RR: Okay. I love Alexander Payne films, Paul Giamatti’s work, anything to do with vineyards, and drinking Pinot Noir, so this film was always going to be on a list somewhere. Paul Giamatti decides to take his old friend on a pre-wedding bachelor jaunt in the California wine-belt. His character is a divorced, middling, unsuccessful novelist with wine pretensions and his friend is an equally unsuccessful actor whose handsomeness is just on the turn. It’s the perfect combo to escort us through an array of hilarious and profound misadventures amongst the blissful beauty of grape vines.
Why don’t they set more films in wine country? This is a brilliant film, but even a bad film seems good if it’s set amongst vineyards.
Location: Italy – Gulf of Naples
RR: I told you this list would be Italian-heavy, but come on, have you seen this film? I mean, it’s set on a little island in the Gulf of Naples. Massimo Troisi, one of the post-war Italian comic giants, co-directs and stars in what was, awfully, his final film. Gorgeous lingering shots of the bay, sunlight everywhere, beautifully drawn characters and Pablo Neruda’s poems. It’s one of those films that makes you want to jump on QF-whatever direct to Rome, and then hit the autostrada, eating the best cheese and ham toastie of your life at the Autogrill, exiting at a state road somewhere down towards Naples – it doesn’t matter where, it’ll all be glorious! But wait, QF whatever has been cancelled, and there’s a lockdown in most states, and all of Italy has – oh, never mind.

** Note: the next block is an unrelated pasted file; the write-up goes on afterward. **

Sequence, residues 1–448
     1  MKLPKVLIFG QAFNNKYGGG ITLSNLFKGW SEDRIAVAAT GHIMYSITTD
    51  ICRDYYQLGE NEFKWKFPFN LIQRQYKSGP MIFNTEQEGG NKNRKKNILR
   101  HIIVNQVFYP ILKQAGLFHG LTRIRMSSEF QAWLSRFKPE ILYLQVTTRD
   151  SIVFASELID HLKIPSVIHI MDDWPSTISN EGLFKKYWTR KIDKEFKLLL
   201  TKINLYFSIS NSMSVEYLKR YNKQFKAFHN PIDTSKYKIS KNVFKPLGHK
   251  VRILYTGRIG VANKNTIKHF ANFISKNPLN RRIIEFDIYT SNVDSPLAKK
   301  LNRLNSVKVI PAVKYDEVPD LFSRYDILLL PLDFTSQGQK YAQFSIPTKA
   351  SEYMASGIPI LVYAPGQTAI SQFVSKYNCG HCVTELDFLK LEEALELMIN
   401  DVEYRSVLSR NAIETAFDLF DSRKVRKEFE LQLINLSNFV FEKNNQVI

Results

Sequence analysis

Once Upon a Time in Anatolia
Location: Southern Turkey
RR: Alright, I admit, this one isn’t for everyone. I think it runs at around two and a half hours and it’s what is described as a ‘slow burn’. But it’s also incredibly beautiful and spookily profound. A police prosecutor and a suspect travel around the countryside of Anatolia at night trying to locate where a body has been buried, encountering various folk along the way. But the real story all happens under the surface. The landscape of southern Turkey becomes as much a character as any of the people. It’s haunting and magnificent. I’ve acted in a few turkeys, but I’ve never been to Turkey, and one day when all this madness is over, that’s where you’ll find me, shovelling olives and salty cheese in my face, bobbing around in limpid waters and tooling about in a car.
Alright, I admit, this one isn’t for everyone. I think it runs at around two and a half hours and it’s what is described as a ‘slow burn’